The storm quickly passed from her face to be replaced by sunshine once again. "Very good, Horry dear." She sounded exactly as she might while quizzing a recalcitrant little schoolboy who has managed finally to give the right answer. "Nevertheless, I see I must also add this to my list."

A few more seconds were spent with quill and ink before she looked up and continued. "Now, I have given this matter some very serious thought indeed. I do not hold much with you men and your wars, and I would be very sad indeed to see a child of ours lose life or limb in some silly little battle that means nothing. But I now know that certain steps must be taken in order to advance in life."

Horatio dared not breathe. What could be coming next? After standing here now for some time listening to one shocking statement after another, he could not hazard a guess.

"I am speaking, Horry dear, of having our children's names carried on your books in order that they may be placed advantageously when the time arrives."

"Ah, yes." A topic he could handle easily. "Such a practice is quite illegal, Maria. There is no question."

"Fiddlesticks!" Marie thumped the desk with her fist.

"Er -- fiddlesticks?"

"Exactly. Fiddlesticks! May I remind you, Horry dear, that had your name been carried on Captain Pellew's books from the day of your birth you would in all likelihood be First Lord of the Admiralty"

He hadn't the heart to remind her that Captain Pellew would have been in no position to add his name to anyone's books back in 1776, and she would not have listened had he done so.

" not that I hold that against you in any way, Horry dear, as you could hardly have helped it. However, any son or daughter."

"What the devil!" he roared, and was chagrined to see that his loudest quarterdeck voice -- a voice that made grown men, hardened after years at sea, tremble in their boots, had merely caused a small rise of an eyebrow in his future wife. But this was going too far, too far entirely and he was quite at a loss to let her know the -- well, the outright ridiculousness of her intimation.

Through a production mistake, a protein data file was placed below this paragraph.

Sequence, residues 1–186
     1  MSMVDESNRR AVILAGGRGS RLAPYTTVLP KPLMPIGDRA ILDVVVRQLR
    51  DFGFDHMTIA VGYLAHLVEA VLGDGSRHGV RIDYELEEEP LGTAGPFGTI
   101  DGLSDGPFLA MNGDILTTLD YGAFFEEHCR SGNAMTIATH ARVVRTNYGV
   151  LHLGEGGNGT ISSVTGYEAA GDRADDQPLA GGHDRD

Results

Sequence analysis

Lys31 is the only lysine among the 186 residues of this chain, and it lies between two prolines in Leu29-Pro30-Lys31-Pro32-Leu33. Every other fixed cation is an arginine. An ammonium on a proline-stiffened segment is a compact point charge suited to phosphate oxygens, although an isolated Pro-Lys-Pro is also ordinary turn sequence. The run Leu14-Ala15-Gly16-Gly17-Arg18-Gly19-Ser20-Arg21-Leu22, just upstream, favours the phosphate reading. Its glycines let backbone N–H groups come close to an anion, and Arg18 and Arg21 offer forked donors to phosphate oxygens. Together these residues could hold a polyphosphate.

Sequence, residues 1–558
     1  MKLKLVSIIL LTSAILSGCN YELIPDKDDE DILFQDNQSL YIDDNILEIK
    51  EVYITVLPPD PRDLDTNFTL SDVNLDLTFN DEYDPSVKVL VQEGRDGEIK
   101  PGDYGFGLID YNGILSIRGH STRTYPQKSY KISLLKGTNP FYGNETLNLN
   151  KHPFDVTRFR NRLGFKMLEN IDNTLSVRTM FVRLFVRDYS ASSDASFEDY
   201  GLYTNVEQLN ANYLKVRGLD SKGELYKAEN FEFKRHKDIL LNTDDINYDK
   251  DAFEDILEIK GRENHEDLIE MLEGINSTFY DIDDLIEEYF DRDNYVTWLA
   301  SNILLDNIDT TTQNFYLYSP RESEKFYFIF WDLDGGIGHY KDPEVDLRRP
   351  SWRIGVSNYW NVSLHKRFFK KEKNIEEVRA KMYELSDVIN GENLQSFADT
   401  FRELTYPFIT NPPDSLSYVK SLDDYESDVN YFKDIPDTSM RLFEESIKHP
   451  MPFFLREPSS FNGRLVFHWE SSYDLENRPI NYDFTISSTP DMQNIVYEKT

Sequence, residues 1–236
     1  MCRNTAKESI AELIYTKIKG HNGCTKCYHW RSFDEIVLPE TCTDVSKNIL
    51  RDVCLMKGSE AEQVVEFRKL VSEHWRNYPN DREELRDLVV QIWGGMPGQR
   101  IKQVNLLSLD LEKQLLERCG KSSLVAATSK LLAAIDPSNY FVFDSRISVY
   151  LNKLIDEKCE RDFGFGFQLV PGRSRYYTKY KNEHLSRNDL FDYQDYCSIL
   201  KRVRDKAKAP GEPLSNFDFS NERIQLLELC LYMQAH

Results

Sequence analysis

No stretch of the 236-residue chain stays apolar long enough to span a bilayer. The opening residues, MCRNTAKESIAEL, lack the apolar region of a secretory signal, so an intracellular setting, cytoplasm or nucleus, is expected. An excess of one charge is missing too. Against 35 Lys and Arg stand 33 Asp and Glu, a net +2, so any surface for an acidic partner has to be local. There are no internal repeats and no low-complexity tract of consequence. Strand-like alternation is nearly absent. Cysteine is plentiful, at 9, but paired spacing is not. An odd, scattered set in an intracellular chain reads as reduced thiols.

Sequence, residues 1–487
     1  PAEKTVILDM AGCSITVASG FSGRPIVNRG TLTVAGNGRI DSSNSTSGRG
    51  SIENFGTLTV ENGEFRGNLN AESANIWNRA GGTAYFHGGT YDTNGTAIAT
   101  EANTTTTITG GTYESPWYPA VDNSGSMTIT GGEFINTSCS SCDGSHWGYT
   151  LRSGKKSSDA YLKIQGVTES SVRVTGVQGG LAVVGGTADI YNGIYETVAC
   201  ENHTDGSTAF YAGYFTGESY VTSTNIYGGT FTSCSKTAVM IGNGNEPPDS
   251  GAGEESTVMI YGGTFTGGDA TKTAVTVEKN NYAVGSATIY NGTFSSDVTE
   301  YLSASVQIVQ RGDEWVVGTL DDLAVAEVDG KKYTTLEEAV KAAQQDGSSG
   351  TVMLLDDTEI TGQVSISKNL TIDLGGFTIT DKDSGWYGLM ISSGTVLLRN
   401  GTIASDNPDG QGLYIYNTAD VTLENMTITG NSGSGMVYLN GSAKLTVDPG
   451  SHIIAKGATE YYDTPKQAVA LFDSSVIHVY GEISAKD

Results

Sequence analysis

"And why ever not, I should like to know, '' she said. "Not every young girl wants to be tied to the kitchen and the cradle for the rest of her life. I cannot see that the male sex has achieved exemplary results in running our country, and if a young lady wants to try her hand on board ship or in Whitehall for that matter, then I fail to see why she cannot. She only lacks in educational opportunities, Horry. I see that, as a teacher. *I* have read 'The Vindication of the Rights of Women' and I hope we will not come to blows over our daughter's future."

"But to have the name entered in the ship's muster."

"Sir Edward considers you a young man with a very inventive mind. I see it as your duty to set the precedent. "

Damn and blast! Bad enough that his future wife expected him to accept quite willingly the nefarious process of giving a man a leg up in life simply by writing his name in a book, but it was a common practice all the same. Very well, he would agree. No doubt when the time should come that a daughter lay in her arms, she would have second thoughts about the whole matter.

"Horry"

'Oh, all right. "

"I knew you would see my viewpoint! Now shall we continue?"

"Oh, by all means, my dear Maria." He desperately hoped, after those words had fled his mouth, that they did not sound as mean-spirited to his intended as they did to him.

"Now, the next item on my list is -- nightshirts."

"Nightshirts! Nightshirts? What do you mean -- nightshirts?" His mind was still reeling from the hideous possibilities of having to carry a daughter's name on his books: to deal with the ridiculous topic of nightshirts was almost more than his normally nimble brain could handle.

"Yes, nightshirts, Horry. I do hope yours are frilly, though I will fully understand if they are not embroidered. "

Nightshirts! Frilly nightshirts! Of all the inappropriate items of clothing to be discussed. Well, he'd had some frilly nightshirts when he'd been a young midshipman, but they'd worn out and he's been quite happy to put up with plain ones...

"Oh dear. I do see by your face, Horry, that yours are neither frilly nor embroidered. "She picked up the paper on which she seemed to be keeping her shopping list, and scratched busily." Of course, I shan't purchase these until after our wedding, Horry, dear. I realize that it would be much too improper. "

Her shopping list seemed to be getting longer and longer. "My -- ha--hm ."

"Now, now, Horry."

"Sorry, Maria dear. My -- well, my night attire -- I'm sure it will do very nicely -- you needn't go to the expense."

"Ah, Horry, "She sighed, resting her chin on the backs of her hands." You men just do not understand. Those frills are so -- so romantic and ---" she sighed again. "Not that I would know " and she sat upright quickly, "but we girls do like to gossip about more than the price of bread."

It seemed that young girls did indeed gossip about more than the price of bread. His life on board ship had hindered his learning of a very great many social niceties, he could see that.